Tuesday, November 23, 2010

Dave Hickey, Air Guitar pages 168-169

(Cross-posted from Commonplace)

The justification for this pretense to disengagement derives from our Victorian habit of marginalizing the experience of art, of treating it as if it were somehow "special"--and, lately, as if it were somehow curable. This is a preposterous assumption to make in a culture that is irrevocably saturated with pictures and music, in which every elevator serves as a combination picture gallery and concert hall. The question of whether we can enjoy, or even decipher, the world we see without the experience of images, or the world we hear without the experience of music, seems to me pretty much a no-brainer. In fact, I cannot imagine a reason for categorizing any part of our involuntary, ordinary experience as "unaesthetic," or for imagining that this quotidian aesthetic experience occludes any "real" or "natural" relationship between ourselves and the world that surrounds us. All we do by ignoring the live effects of art is suppress the fact that these experiences, in one way or another, inform our every waking hour.

In my own case, I can still remember gazing at the lovely, lifting curve of a page upon which Oscar Wilde's argument that "life imitates art" was inscribed and knowing that this was the first "big truth" I had come across in writing. I can remember, as well, standing on the corner of 52nd Street and Third Avenue on a spring afternoon, six feet from a large citizen gouging the pavement with a jackhammer, and thinking about the Ramones, amazed at the preconscious acuity with which I had translated the pneumatic slap of the hammer into eighth-notes and wondering what part, if any, of the pleasures and dangers of the ordinary world might rightly be considered "natural." So it seems to me that, living as we do in the midst of so much ordered light and noise, we must unavoidably internalize certain expectations about their optimal patternings--and that these expectations must be perpetually and involuntarily satisfied, frustrated, and subtly altered every day, all day long, in the midst of things, regardless of what those patterns of light and noise might otherwise signify.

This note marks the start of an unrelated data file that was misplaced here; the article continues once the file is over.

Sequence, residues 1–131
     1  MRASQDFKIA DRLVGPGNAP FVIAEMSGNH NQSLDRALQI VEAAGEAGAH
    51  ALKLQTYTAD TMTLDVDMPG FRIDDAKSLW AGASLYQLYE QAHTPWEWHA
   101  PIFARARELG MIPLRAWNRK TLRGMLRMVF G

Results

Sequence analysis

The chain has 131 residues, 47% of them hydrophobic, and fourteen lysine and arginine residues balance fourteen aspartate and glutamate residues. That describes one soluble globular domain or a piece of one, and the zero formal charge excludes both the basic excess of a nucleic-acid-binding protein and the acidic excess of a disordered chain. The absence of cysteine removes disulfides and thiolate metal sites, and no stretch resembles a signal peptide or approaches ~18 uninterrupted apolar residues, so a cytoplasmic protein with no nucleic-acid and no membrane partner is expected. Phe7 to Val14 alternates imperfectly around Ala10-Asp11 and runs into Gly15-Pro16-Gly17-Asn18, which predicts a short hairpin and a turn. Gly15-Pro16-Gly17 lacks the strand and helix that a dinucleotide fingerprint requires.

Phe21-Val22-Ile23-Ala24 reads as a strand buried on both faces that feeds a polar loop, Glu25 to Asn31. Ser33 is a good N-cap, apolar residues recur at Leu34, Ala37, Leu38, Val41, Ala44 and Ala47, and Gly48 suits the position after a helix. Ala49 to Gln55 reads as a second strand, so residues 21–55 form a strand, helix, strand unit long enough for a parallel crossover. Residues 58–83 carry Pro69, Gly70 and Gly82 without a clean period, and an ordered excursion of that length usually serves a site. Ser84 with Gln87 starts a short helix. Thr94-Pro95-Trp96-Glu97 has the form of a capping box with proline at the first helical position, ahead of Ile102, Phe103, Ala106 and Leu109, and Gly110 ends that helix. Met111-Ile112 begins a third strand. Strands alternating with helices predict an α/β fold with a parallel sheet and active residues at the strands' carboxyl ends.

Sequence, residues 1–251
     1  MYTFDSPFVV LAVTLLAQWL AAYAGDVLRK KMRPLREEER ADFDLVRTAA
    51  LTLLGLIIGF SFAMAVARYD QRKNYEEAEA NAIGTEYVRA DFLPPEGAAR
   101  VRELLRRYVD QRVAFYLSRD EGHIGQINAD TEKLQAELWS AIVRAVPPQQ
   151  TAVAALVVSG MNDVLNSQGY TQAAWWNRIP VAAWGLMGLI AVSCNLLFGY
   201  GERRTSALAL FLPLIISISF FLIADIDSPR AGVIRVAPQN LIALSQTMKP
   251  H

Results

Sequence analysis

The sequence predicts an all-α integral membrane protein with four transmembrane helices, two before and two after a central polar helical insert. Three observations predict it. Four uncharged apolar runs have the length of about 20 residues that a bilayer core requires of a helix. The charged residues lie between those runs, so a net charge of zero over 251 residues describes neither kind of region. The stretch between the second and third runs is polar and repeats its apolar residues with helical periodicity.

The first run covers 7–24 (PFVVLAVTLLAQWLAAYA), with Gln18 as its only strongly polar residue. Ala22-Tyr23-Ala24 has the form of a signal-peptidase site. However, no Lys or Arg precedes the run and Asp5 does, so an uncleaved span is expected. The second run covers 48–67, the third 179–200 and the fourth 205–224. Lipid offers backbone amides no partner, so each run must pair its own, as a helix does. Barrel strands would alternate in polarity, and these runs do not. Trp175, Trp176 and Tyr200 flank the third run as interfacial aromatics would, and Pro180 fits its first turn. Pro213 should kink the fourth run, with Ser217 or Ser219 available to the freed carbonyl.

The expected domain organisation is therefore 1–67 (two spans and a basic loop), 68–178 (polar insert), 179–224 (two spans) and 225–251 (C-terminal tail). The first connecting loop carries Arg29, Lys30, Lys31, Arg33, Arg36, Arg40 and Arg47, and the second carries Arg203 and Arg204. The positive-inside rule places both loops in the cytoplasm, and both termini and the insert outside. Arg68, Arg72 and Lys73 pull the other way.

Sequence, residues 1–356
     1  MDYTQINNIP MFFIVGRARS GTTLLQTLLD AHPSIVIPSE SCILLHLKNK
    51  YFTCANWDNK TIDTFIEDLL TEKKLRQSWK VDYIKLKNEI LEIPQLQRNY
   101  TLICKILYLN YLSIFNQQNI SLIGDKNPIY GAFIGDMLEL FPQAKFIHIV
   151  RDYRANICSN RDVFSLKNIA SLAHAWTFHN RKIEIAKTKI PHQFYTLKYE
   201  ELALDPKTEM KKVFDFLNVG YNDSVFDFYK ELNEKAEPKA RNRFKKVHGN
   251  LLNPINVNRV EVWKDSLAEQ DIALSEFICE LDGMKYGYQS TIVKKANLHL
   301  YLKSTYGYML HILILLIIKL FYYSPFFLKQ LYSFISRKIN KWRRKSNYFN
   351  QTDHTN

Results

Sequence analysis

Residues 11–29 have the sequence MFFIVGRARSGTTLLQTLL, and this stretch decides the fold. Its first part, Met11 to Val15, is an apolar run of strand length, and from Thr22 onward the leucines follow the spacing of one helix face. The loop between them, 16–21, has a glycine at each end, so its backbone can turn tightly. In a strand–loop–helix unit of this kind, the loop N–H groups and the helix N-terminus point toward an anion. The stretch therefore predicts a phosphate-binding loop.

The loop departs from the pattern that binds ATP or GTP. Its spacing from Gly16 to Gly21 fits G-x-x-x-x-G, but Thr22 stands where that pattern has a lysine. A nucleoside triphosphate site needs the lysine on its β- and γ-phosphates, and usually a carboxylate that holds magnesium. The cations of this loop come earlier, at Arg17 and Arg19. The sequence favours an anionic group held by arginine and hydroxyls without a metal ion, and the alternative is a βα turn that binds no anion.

Peter Ward said...

I always felt art should properly be part of something else, a natural component of it. Imagery accompanying religious worship, say.

I'm not sure how and why this divorce happened--i.e., the birth of "art".... Possibly (ignorant European) contact with new cultures resulted in a misinterpretation of the significance of artifacts brought back as well as the discovery money could be made in their trade.

Ethan said...

I think money and trade are the key issues there. I'm always ambivalent about Hickey; he seems to somehow think that money and trade are what liberate art and life, which, heh, I do not agree with.

The axis between people like Hickey and people like, say, Vaneigem (whose Revolution of Everyday Life I'm also picking through, with considerably less ambivalence) is the axis I wish our larger cultural dialogue took place along.

Peter Ward said...

Cf. my above comment: John Dewey, "the Live Creature" from Art as Experience (p. 9-). Dewey says, e.g.:

Art is remitted to a separate realm, where it is cut off from that association with the materials and aims of every other form of human effort...


Mountains peaks do not float unsupported; the do not...just rest [on] the earth. The are the earth in one of its manifest operations.